A key part of 1960s TV shows was the pre-title sequence. There were some exceptions, but during that period there was a particular style designed to draw the viewer in. It would set the tone, but also compel you to find out what was going to happen next. For me, one of the best exponents was Department S. I can’t find clips, so this link takes you to the full episode The Man In the Elegant Room. If you get to the titles and feel that compulsion, please pause it so you can finish this post first!

It’s an interesting set-up, isn’t it? As the theme music starts, the film continues to roll as the episode title appears on screen followed by other credits before fading into the main titles. I can’t recall seeing this technique elsewhere, but it gives the story momentum and draws you into the rest of the story.

Department S is a fictional division of Interpol called in when police forces around the world are drawing a blank. The theory is good, though the department’s budget can’t be that great, since they seem to need the assistance of a thriller writer!

The concept is good as well, though occasionally convoluted. Even so, I remember being hooked on it when it came out. It’s not as well-known as a lot of series of the time, and I’d almost forgotten it, but something reminded me a couple of years ago and I managed to watch most of the episodes online. Initially it was simple curiosity. I suspected I’d be disappointed and watch no more than one or two. Instead, I found myself hooked and, on occasion, watched two or three back-to-back.

What was so compelling? A sequence that hooks you in, the music, the concept spelt out in the titles, all came together to sweep me into each story. And don’t underestimate the power of the music. If you haven’t watched the clip I’ve shown you, I have included the theme at the end of this post. Because it is brilliant.

Composed by Edwin T Astley, who was responsible for the music on a lot of 1960s TV series, it somehow adds to the hook. You could argue the music was wasted, because only one series was made. Then again, production companies these days generally produce no more than a dozen episodes at a time. Back then a series was 28 episodes.

As for the storylines. Essentially, each pre-title presents an enigmatic situation. After the titles, we see the department being brought in, which is where we meet the main protagonists.

The boss of the department is Sir Curtis Seretse, played by Dennis Alaba Peters. In 1969, it was unusual to see a back actor in anything other than a supporting role. Although he wasn’t a lead, having him as the boss made a significant statement.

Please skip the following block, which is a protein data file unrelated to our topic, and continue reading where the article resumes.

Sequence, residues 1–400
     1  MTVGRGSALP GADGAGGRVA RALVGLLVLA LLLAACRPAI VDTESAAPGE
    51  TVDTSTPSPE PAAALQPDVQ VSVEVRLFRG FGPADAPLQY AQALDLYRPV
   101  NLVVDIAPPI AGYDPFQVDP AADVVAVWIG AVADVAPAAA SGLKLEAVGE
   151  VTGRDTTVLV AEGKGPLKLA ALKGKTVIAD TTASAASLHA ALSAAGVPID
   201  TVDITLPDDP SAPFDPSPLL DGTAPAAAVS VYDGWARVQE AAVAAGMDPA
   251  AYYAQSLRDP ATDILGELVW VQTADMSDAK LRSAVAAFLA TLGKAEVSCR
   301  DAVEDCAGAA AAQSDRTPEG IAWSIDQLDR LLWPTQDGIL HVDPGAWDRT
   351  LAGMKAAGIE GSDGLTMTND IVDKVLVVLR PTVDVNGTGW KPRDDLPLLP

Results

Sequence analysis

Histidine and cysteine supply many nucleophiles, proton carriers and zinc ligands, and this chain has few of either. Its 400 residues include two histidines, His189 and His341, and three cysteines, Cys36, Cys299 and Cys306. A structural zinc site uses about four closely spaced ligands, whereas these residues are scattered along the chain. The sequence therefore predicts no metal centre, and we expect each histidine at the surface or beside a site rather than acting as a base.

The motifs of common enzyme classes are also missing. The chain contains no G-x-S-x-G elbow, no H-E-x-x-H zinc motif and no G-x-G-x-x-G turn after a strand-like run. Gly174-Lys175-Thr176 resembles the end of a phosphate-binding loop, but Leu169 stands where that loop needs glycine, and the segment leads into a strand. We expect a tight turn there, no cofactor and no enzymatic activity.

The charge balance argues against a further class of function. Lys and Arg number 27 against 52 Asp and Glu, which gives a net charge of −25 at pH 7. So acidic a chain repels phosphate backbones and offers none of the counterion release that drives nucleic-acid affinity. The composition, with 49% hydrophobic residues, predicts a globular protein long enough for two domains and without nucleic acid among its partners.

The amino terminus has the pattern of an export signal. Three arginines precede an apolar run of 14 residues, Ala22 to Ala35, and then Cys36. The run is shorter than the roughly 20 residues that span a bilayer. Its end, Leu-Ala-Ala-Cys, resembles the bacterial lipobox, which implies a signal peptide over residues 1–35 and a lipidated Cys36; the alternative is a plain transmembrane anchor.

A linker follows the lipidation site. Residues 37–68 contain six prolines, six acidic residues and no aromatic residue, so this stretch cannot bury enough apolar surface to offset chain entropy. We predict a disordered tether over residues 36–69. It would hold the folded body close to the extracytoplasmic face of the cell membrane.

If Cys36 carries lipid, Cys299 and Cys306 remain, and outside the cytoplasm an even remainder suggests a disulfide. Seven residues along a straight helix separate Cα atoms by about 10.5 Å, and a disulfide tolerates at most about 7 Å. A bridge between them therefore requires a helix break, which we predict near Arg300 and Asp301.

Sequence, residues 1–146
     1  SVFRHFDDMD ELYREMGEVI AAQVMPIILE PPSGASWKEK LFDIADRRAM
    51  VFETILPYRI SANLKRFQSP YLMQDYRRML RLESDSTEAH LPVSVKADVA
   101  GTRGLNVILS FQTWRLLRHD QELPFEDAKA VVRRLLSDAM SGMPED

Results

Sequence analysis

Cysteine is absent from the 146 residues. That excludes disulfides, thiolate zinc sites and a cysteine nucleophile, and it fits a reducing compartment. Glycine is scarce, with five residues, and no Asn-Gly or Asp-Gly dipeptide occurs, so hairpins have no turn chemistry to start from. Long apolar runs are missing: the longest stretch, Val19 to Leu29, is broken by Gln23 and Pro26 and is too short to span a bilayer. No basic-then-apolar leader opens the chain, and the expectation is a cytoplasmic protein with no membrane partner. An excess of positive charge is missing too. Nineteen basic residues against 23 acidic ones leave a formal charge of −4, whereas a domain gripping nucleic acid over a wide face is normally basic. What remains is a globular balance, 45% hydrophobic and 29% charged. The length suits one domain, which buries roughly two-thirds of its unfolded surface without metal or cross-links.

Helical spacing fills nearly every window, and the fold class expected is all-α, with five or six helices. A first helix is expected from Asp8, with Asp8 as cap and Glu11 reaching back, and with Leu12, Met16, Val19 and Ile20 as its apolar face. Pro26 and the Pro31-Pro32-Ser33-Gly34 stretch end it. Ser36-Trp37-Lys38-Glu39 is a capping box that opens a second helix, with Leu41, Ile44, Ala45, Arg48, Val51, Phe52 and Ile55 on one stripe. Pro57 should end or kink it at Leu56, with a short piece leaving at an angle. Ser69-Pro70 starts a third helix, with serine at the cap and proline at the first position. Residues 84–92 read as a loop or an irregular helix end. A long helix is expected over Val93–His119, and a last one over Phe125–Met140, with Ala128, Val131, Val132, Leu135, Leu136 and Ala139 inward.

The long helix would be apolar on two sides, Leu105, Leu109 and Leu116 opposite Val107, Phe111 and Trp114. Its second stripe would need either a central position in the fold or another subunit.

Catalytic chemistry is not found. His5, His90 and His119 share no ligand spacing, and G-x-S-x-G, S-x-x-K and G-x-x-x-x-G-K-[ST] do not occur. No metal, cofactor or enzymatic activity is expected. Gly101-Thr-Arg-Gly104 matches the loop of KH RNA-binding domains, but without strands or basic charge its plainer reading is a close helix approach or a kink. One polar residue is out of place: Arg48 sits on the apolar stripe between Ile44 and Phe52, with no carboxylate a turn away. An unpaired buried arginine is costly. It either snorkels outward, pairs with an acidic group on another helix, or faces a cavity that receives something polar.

Peter Wyngarde was the first name to appear on the credits, perhaps because he was the better known at the time. His character, Jason King, survived the series and appeared in his own in the early ’70s. A thriller writer by profession, he brought his own creativity to the investigations – because we writers are bound to think a little bit out of the box! This was an action series, so he was often involved in fights, but didn’t always come out of them particularly well. In a sense, he was the light relief, though also presented as something of a ladies’ man. A lot of women seemed to find him attractive, including my mum. Which just goes to show that setting a style standard for male porn stars of the 1970s doesn’t have to be a drawback.

Joel Fabiani played Stuart Sullivan, an ex-FBI agent, and provided a more serious tone. He was in charge of the team but was also the real action man in the series. As far as I’m aware he was never seen on British television again, which was a shame.

The female lead was Rosemary Nicols as Annabelle Hurst, a computer expert – in the days when computers churned out cards with information on them! Again, for the time, this might have been a fairly radical step. In the past it was more likely a female character would be much more subordinate. More air time was given to the male leads, but at least Hurst wasn’t just some bimbo.

Department S was produced back-to-back with Randall and Hopkirk (Deceased). As a result, a lot of the vehicles used are the same, and presumably some of the sets as well. That might also explain why, in spite of Department S being international, most of the cases they investigated were in England and often locations that looked suspiciously Home Counties.

When people look back on TV shows of the ’60s, they’ll undoubtedly recall The Saint, The Avengers or The Prisoner. But very few will talk about Department S, and I think that’s a serious oversight. By today’s standards, it does lack certain production qualities. But, if you can set that aside and consider how innovative it was, you’ll probably come to the same conclusion that I have: it paved the way for some exciting and creative developments in TV viewing.